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None More Black

nonemoreblack.pngAn aerosol known as "black carbon," a primary component in soot, looks to be a key driver of anthropogenic global warming in tropical locations around the world -- most notably, in the Himalayan region.

...new research, by NASA’s William Lau and collaborators, reinforces with detailed numerical analysis what earlier studies suggest: that soot and dust contribute as much (or more) to atmospheric warming in the Himalayas as greenhouse gases. This warming fuels the melting of glaciers and could threaten fresh water resources in a region that is home to more than a billion people.

[...] Nicknamed the “Third Pole”, the region in fact holds the third largest amount of stored water on the planet beyond the North and South Poles. But since the early 1960s, the acreage covered by Himalayan glaciers has declined by over 20 percent. Some Himalayan glaciers are melting so rapidly, some scientists postulate, that they may vanish by mid-century if trends persist. Climatologists have generally blamed the build-up of greenhouse gases for the retreat, but Lau’s work suggests that may not be the complete story.

He has produced new evidence suggesting that an “elevated heat pump” process is fueling the loss of ice, driven by airborne dust and soot particles absorbing the sun’s heat and warming the local atmosphere and land surface.

Globally, black carbon looks to be the second most-important warming agent after CO2.

Here's the twist: much of the production of black carbon comes from the combustion of biofuels and diesel, the two leading "greener" fuel technologies.

Aerosols last for months in the atmosphere, as opposed to the decades that greenhouse gases can last. This is good, as it means that policies that reduce the production of black carbon can start showing positive results in a matter of weeks.


Aren't the "biofuels" in question mostly traditional wood fires for cooking and heating, rather than biologically-derived liquid fuels? I didn't get that from the linked article but that was my understanding.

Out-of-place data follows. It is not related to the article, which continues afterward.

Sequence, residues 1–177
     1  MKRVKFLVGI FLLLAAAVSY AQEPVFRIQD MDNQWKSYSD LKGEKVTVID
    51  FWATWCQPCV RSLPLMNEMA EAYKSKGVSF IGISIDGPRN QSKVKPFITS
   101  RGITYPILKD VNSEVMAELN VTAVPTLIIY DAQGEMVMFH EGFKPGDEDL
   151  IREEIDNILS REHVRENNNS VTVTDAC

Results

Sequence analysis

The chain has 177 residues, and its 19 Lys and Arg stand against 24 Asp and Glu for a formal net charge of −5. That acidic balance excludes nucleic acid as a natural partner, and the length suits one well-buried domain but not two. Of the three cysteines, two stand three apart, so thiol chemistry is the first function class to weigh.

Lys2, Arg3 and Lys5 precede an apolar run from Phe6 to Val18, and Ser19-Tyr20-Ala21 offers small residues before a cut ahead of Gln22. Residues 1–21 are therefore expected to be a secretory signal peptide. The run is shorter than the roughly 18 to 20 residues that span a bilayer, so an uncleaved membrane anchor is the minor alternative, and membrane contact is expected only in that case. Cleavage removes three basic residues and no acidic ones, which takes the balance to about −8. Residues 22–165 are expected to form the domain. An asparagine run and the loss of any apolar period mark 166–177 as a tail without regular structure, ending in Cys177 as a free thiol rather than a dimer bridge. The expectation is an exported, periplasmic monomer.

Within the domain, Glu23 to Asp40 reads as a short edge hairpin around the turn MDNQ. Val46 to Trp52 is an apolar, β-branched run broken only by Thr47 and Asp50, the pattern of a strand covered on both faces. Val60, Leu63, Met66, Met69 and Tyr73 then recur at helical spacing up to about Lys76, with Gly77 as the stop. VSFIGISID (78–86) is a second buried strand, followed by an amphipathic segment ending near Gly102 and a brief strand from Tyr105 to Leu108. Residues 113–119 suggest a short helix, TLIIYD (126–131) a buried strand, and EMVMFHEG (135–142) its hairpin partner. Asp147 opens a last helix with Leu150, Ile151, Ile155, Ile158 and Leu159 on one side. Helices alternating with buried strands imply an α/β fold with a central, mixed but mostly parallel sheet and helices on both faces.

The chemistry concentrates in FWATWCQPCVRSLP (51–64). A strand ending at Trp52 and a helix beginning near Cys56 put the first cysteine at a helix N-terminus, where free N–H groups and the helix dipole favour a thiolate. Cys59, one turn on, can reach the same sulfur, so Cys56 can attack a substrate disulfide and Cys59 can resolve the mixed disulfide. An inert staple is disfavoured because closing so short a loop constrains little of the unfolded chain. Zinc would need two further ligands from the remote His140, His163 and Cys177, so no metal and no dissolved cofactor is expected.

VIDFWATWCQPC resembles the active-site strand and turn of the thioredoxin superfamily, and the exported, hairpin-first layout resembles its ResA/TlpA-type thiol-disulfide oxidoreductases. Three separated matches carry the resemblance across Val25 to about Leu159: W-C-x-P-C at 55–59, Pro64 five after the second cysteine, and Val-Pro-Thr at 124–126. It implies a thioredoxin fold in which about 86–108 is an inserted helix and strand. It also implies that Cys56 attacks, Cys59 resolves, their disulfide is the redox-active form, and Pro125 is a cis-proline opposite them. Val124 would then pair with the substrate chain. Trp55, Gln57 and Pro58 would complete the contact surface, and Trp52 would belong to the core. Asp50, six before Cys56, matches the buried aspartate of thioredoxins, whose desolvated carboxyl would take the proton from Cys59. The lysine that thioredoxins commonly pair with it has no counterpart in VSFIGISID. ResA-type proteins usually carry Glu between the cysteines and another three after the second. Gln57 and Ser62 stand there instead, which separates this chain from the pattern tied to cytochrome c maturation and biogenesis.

Wood burning in developing countries is pretty obviously unsustainable with current population levels & projections anyway.

Diesel is a very problematic technology because of particulates and air pollution. There is a reason why California's air quality standards effectively banned diesel cars for a while there. Sadly they didn't do much about trucks, especially older trucks, though I guess the Port of LA (? I think) effort to replace old trucks with newer, cleaner trucks has worked well, although at the cost of further reducing the ability of independent operators to participate in the trucking market. The Port of Oakland could certainly use some cleaner trucks, and it's not just an Oakland problem - when I was working near a stretch of I-80 in the city anything left near an open window would rapidly grow a layer of fine black dust.

Gasoline has its own share of problems but it seems to be easier to make it cleaner than it is for diesel. Natural gas is still better.

(If there is one thing I find more frustrating than anything else, it is the reluctance to accept natural gas as a transition fuel to replace coal and (some) oil on the grounds that, well, it's just another fossil fuel. We could be on a completely different path both for CO2 and for smog pollutants if all the coal plants built in the last 15 years had been gas plants instead. The perfect being the enemy of the good, as usual.)

So let's raise the standard of living for many of the poorest people in the world by designing more effective cooking stoves and reduce black carbon at the same time. Ancillary benefits would include better health for the women who cook and the children with them when they do it.

As for natural gas as a bridge fuel, an associate has heard that a couple of times this week at MIT. Looks like the idea may be catching on. Now, if only there is an effort to engineer a zero methane emissions system in its use I'll be happy.

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